Coca-Cola Confronted by Big Problem in its Second Largest Market. For Once, Political Connections Failed. Oct 1 is the Date

Coca-Cola Confronted by Big Problem in its Second Largest Market. For Once, Political Connections Failed. Oct 1 is the Date

Per-person consumption of soft drinks in Mexico is the highest in the world. But due to link of obesity to Covid deaths, sugary drinks now face their nemesis.

By Nick Corbishley, for WOLF STREET:

When billions of people are forced to hunker down at home for months on end, unable to visit their favorite restaurants, bars, nightclubs, theme parks or other leisure venues, they tend to drink fewer soft drinks, as the Coca-Cola Company can attest. In the second quarter, when roughly a third of the world population was put through some form of lockdown, the company’s global revenues slumped 28% year-over-year, to $7.2 billion. It was its largest drop in quarterly revenue in more than 30 years.

By contrast, in Mexico, Coca Cola’s second largest global market after the U.S., sales fell by only 5%. That relatively modest decline was caused by the slumping business at restaurants and at street food stalls, where Coke is the ubiquitous (and invariably cheapest) beverage of choice for washing down tacos, tortas, tamales and the like. Many construction and other manual workers — a key customer segment — have been temporarily laid off since the country’s semi-lockdown began. But apparently, many of those folks bought their coke at the store and drank it at home.

On a per-person basis, Mexico consumes more Coke than any other country in the world, and twice as much as the U.S.

Loving Coca-Cola (a Little Bit Less)

Mexico is also home to independent bottler Coca-Cola FEMSA, which bottles and distributes Coca-Cola and other soft drinks across vast swathes of Latin America, including half of Mexico (and also in the Philippines). Roughly one out of ten of all Coca-Cola products sold in the world is distributed by Coca-Cola FEMSA, making it the second largest Coca-Cola bottler in the world, after Coca-Cola Enterprises.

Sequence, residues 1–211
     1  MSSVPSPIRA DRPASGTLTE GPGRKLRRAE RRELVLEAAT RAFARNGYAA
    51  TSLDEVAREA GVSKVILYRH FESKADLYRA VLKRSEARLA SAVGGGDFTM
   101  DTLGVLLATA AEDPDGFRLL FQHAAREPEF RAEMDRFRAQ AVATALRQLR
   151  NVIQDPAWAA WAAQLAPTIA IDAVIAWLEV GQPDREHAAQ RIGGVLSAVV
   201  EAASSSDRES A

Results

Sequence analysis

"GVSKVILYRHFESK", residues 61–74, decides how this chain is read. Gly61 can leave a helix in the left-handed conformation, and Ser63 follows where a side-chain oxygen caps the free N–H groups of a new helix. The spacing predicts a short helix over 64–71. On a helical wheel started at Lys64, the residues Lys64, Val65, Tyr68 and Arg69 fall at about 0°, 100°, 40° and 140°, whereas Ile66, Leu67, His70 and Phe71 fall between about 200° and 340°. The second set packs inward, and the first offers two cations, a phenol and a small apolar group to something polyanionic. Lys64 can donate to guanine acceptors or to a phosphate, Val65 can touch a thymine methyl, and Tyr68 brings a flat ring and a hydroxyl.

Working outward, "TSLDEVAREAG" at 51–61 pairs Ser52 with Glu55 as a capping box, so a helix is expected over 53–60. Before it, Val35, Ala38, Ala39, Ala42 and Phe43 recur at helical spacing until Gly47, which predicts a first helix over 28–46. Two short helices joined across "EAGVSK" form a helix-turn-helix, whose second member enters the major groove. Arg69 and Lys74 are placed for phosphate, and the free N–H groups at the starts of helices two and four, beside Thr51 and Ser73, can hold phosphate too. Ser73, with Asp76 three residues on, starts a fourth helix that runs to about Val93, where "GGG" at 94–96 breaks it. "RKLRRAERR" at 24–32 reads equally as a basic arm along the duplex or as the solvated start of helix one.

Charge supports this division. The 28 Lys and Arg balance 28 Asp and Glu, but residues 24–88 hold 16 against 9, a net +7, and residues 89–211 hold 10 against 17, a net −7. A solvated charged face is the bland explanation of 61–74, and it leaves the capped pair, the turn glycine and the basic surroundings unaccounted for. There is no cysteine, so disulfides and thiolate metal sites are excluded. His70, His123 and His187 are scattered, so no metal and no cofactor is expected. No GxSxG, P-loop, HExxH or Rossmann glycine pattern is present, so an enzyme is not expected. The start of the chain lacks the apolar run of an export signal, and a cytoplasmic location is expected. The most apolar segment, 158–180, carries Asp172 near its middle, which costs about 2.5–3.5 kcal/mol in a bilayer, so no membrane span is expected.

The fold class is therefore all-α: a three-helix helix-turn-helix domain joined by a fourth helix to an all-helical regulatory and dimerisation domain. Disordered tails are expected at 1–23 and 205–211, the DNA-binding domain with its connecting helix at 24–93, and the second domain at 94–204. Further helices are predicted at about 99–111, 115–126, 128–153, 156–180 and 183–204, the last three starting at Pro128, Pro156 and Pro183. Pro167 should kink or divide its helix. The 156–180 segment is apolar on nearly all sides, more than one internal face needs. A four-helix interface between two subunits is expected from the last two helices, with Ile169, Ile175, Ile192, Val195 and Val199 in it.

Business is down. In the second quarter, Coca-Cola FEMSA revenues fell 10.2%. But in Mexico, Coca Cola FEMSA’s revenues fell only 5.6%.

There’s also Arca Continental, which manufactures and distributes Coca-Cola beverages and other products in Northern and Western Mexico, Ecuador, Peru, Northern Argentina, and Southwestern United States. It is the second-largest Coca-Cola bottler in Latin America. Net sales rose 2.3%. So they’re hanging on during the pandemic in Mexico.

The New Threat on the Horizon.

But for the Coca-Cola Company, and for the bottlers, fast approaching on the horizon is a threat that could exact a significant long-term toll on sales in Mexico.

That threat is the Mexican government’s junk food label law. Passed in October 2019 and scheduled to come into effect on October 1 this year, the law requires all food packages with contents high in sugar, sodium or saturated fat to carry clear health warnings on the front.

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Wolf Richter

In his cynical, tongue-in-cheek manner, he muses on WOLF STREET about economic, business, and financial issues, Wall Street shenanigans, complex entanglements, and other things, debacles, and opportunities that catch his eye in the US, Europe, Japan, and occasionally China. WOLF STREET is the successor to his first platform… TP-Title-7-small-200px …whose ghastly name he finally abandoned in July 2014. Here’s the story on that. Wolf lives in San Francisco. He has over twenty years of C-level operations experience, including turnarounds and a VC-funded startup. He earned his BA and MBA in Texas and his MA in Oklahoma, worked in both states for years, including a decade as General Manager and COO of a large Ford dealership and its subsidiaries. But one day, he quit and went to France for seven weeks to open himself up to new possibilities, which degenerated into a life-altering three-year journey across 100 countries on all continents, much of it overland. And it almost swallowed him up.